Meta-DataIntelligence agencies grab our data, and they grab our meta-data. Data is what we write and what we read, meta-data is who is writing it, who reads it and when. From that meta-data one can derive graphs of who is connected with whom and analyse the structure of a certain group, for example people with a differing political opinion. Having this information one can now take out the most important nodes of this graph (i.e. the most important people of the group) and thus destroy it.
In a sense meta-data is even more important to intelligence agencies than the data itself. Because the data that --- for instance --- two people meet to have a cup of coffee is not very meaningful by itself, but if one of the two people were known to be part of a group which threatens the current establishment and the other one a journalist, this message might indeed be of importance. At least it would show a potentially important connection.
Collecting communication data and meta-data threatens democracy. Because if people who speak out against current politics are by default under surveillance --- because everyone is under surveillance --- they will often refrain from speaking out. Surveillance stifles free speech.
Minimizing Meta-data and Data
I want to sketch out a concept of how a messenger could be produced which removes much of the meta-data: the Mini-Meta-Messenger.
Imagine a large dashboard on some server in the internet. Imagine if everyone posted her/his messages to other people on the board. Everyone could just read them. Obviously we don't want everyone to be able to read every message. That's why all these messages would be encrypted with the private key of the sender and the public key of the receiver.
To retrieve the messages for a particular user, this user just has to download all the messages and try to decrypt them with his private key. This will succeed for all the messages which have been encrypted with her/his public key. Hence, s/he would "receive" all messages which belong to her/him.
The remaining data and meta-data is, that a particular person uploaded a message (which cannot be read easily) by the intelligence agencies and many persons downloaded *all* the messages at some later time. There is no exploitable correlation between the two persons who send messages to each other, given that they are not the only ones using the service. Further more, the messages are encrypted, hence as well the data cannot be read by a third party. The only meta-data which would be left is: when is a person writing, how many messages does s/he write and on the other hand who is reading messages and how often.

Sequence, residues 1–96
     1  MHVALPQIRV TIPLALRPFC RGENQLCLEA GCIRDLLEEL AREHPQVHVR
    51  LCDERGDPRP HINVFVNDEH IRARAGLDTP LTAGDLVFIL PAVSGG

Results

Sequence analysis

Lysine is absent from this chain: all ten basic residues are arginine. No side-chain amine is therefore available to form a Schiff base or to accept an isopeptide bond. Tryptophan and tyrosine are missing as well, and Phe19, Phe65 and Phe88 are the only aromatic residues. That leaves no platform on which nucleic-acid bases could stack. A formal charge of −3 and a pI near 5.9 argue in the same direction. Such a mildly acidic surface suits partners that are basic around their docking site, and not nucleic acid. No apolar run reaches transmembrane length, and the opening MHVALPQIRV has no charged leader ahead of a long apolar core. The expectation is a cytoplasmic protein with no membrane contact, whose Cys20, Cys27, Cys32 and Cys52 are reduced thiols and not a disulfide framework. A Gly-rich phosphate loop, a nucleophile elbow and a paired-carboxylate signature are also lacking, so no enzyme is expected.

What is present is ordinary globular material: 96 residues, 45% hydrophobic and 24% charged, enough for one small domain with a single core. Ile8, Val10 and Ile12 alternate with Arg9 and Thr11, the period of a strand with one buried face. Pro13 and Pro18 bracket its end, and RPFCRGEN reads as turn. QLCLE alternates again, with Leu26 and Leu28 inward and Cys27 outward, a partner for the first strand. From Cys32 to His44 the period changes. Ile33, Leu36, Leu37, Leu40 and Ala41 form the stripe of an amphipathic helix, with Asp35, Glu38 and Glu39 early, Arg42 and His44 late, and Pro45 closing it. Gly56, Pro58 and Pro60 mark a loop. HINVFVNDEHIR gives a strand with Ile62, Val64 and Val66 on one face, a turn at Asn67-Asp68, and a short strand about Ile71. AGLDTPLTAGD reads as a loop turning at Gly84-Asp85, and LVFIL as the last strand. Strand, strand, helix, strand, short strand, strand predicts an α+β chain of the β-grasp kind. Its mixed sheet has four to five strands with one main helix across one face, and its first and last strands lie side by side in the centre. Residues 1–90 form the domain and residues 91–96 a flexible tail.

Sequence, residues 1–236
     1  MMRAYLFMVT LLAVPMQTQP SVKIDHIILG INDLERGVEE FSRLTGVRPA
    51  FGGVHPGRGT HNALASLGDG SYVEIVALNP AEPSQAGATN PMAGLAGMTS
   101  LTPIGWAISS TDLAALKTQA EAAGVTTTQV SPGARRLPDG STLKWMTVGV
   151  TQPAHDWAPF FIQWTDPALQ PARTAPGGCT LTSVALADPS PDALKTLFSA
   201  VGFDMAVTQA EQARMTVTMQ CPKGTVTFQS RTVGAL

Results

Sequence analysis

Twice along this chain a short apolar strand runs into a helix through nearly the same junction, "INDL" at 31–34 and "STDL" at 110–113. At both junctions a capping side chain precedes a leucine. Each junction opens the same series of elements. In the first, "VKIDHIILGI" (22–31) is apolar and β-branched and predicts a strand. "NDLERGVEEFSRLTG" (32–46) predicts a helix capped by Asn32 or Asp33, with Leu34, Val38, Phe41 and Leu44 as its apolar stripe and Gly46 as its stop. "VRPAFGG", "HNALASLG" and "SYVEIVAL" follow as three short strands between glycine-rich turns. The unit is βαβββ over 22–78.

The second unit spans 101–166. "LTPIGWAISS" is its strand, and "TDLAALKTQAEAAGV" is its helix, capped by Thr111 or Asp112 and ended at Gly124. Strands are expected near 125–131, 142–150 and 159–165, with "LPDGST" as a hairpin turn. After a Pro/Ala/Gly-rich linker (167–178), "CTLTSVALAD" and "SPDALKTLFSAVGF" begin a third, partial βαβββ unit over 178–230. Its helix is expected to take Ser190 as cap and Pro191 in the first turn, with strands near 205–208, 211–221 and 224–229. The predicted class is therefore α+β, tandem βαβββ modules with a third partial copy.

Of course there is freenet which can do dezentralized full encryption of many services. But it requires effort and skill and time to get started and many people will not find stuff there which matters to them. That's why I think that maybe a simpler approach which is also easier for the people might attract more.
Each person would --- upon assigning to this service --- upload her/his public key. Like that each participant could in principle send messages to every other participant.
Whilst everyone has to download every message (for the sake of hiding the meta-data), one could choose to decrypt only those messages which come from a certain group of persons. Although providing the information of who has sent which message may reveal already too much information.
Probably instead of always decrypting the whole messages, a shorter header could be encrypted separately. A message has been addressed to a particular person if this person succeeds in decrypting the message-header.
A lot of messages are created in a service like facebook etc. A "read all messages" approach doesn't scale well with the number of people. This can be mitigated somewhat by every person posting into a specific channel. Each reader listens to a couple of channels. That way, not all of the members are mixed (and thus the number of messages to read explodes), but still may are mixed and the extraction of meta-data is severely limited.
You are very welcome to leave your comments! Let me know what you think.
MiniMetaMessenger, Concept of a meta-data-minimizing communication platform by Peter Speckmayer is licensed under a Creative Commons Attribution-ShareAlike 4.0 International License.